The standard weapons in the fight against cancer — surgery, chemotherapy and radiation — may soon be joined by something far simpler: exercise.
New research shows that regular physical activity helps reduce the risk of recurrence of breast cancer and slows the advance of prostate cancer.
In a few years, exercise will probably be prescribed regularly for cancer rehabilitation, said Melinda Irwin, an expert on cancer and exercise at Yale University School of Medicine. Personal trainers may join oncologists, surgeons and radiologists as members of the cancer-treatment team.
Exercise will become a “targeted therapy, similar to chemotherapy or hormonal therapy,” Irwin said.
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Any regular physical activity – the equivalent of a 30-minute walk, five times a week – will do.
“Don't think you have to work up a sweat or train for a marathon to benefit,” Irwin said.
Exercise offers many other advantages: It fights the fatigue caused by cancer treatment, calms anxiety and helps survivors feel better about themselves and their bodies.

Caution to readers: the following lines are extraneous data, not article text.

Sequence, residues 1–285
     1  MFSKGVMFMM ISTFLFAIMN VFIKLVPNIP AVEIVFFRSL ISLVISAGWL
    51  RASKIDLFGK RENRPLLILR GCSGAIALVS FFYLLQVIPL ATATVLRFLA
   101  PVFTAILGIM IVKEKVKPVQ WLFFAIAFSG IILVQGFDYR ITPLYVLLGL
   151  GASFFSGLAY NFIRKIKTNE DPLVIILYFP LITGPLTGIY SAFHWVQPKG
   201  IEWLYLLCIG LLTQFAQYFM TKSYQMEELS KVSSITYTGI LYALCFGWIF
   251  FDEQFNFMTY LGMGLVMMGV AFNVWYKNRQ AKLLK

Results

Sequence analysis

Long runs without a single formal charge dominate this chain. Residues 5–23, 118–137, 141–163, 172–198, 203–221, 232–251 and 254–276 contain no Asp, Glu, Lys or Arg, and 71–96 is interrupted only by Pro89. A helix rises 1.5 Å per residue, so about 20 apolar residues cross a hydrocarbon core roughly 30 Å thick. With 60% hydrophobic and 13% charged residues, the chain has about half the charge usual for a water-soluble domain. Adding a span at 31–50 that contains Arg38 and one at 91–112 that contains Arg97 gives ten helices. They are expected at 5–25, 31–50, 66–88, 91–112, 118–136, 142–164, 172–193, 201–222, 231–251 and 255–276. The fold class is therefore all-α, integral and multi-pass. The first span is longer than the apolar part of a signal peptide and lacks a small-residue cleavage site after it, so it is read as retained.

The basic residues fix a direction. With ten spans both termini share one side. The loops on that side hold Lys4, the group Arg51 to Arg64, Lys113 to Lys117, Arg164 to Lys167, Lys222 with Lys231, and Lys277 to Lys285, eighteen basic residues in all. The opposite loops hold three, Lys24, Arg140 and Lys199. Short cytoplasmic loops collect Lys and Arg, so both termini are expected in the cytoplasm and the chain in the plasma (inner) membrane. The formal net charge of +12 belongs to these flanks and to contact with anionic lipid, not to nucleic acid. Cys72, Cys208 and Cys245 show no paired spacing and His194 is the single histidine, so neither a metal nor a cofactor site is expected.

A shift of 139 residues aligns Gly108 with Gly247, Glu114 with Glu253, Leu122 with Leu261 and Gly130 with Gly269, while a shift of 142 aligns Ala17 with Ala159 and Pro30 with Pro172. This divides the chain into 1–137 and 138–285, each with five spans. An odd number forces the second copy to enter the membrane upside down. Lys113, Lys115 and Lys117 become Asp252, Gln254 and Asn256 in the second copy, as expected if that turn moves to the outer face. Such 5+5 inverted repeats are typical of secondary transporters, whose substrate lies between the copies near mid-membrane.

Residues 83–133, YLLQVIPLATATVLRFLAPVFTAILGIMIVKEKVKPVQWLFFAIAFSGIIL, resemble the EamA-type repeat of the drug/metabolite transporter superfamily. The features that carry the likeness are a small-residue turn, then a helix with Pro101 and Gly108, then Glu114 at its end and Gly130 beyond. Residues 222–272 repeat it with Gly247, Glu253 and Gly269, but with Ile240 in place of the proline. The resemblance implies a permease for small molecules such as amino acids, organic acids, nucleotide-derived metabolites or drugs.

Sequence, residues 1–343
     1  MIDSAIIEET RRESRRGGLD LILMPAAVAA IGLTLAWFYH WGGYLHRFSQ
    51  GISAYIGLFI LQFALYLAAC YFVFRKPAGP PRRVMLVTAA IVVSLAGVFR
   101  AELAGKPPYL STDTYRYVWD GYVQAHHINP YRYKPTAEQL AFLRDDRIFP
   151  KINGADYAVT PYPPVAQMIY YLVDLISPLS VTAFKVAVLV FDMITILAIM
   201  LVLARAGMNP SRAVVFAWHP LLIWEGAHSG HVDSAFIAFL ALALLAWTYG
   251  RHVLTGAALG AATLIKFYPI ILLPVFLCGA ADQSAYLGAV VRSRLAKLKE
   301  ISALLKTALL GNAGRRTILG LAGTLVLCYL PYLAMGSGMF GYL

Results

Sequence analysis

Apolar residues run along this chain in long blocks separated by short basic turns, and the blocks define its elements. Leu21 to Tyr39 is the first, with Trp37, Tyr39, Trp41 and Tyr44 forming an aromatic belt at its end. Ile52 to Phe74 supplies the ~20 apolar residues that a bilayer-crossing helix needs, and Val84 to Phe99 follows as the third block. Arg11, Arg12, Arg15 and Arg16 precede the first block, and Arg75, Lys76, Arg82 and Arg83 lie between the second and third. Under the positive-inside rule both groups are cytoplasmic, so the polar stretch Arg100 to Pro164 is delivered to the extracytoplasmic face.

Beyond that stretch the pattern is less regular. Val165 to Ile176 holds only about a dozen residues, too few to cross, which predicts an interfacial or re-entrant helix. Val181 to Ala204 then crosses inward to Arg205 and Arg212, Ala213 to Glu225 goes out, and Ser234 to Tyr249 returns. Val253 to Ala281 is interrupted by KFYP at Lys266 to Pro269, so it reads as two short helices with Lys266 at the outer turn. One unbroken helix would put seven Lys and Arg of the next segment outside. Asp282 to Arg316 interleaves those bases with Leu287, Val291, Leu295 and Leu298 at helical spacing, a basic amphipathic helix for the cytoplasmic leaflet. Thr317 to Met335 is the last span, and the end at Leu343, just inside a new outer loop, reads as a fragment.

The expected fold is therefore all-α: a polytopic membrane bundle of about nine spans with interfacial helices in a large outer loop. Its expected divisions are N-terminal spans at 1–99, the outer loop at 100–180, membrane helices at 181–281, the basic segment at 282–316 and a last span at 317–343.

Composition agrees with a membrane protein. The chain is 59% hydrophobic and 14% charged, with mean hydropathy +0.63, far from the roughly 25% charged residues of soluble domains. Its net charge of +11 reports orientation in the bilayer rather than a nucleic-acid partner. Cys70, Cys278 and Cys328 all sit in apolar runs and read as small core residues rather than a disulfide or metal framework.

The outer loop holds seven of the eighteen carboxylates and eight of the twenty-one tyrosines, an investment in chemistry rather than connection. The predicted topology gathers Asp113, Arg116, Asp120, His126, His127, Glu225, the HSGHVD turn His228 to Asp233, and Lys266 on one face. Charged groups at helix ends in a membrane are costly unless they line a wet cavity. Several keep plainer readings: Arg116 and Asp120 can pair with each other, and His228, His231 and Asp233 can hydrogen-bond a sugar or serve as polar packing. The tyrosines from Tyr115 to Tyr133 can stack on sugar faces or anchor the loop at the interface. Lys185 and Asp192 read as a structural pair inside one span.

There are 10 million cancer survivors in the United States, 22 percent of them women who have had breast cancer, 17 percent of them men who've had prostate cancer. Exercise makes sense for most of them – to live longer, avoid other health problems, and just feel better.
Researchers' findings so far suggest that exercise reduces blood levels of insulin; helps repair infection-fighting T-cells; and reduces levels of circulating estrogen and testosterone, two hormones linked with breast, endometrial and prostate cancers.